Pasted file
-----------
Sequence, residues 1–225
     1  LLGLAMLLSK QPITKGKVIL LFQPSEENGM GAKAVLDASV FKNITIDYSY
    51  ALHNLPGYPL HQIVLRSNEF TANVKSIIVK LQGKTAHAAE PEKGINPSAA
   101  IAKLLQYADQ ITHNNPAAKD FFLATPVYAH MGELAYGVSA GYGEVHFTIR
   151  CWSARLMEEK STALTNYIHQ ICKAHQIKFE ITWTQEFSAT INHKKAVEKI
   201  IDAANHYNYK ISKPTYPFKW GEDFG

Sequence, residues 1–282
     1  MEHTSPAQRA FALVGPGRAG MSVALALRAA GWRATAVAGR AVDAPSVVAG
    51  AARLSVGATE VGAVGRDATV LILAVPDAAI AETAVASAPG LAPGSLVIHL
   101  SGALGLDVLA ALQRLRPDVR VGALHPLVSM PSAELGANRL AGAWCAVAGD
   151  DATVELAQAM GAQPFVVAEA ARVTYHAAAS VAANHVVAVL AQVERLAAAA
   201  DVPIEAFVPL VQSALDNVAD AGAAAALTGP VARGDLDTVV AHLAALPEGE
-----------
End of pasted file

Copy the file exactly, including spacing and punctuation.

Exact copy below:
Sequence, residues 1–225
     1  LLGLAMLLSK QPITKGKVIL LFQPSEENGM GAKAVLDASV FKNITIDYSY
    51  ALHNLPGYPL HQIVLRSNEF TANVKSIIVK LQGKTAHAAE PEKGINPSAA
   101  IAKLLQYADQ ITHNNPAAKD FFLATPVYAH MGELAYGVSA GYGEVHFTIR
   151  CWSARLMEEK STALTNYIHQ ICKAHQIKFE ITWTQEFSAT INHKKAVEKI
   201  IDAANHYNYK ISKPTYPFKW GEDFG

Sequence, residues 1–282
     1  MEHTSPAQRA FALVGPGRAG MSVALALRAA GWRATAVAGR AVDAPSVVAG
    51  AARLSVGATE VGAVGRDATV LILAVPDAAI AETAVASAPG LAPGSLVIHL
   101  SGALGLDVLA ALQRLRPDVR VGALHPLVSM PSAELGANRL AGAWCAVAGD
   151  DATVELAQAM GAQPFVVAEA ARVTYHAAAS VAANHVVAVL AQVERLAAAA
   201  DVPIEAFVPL VQSALDNVAD AGAAAALTGP VARGDLDTVV AHLAALPEGE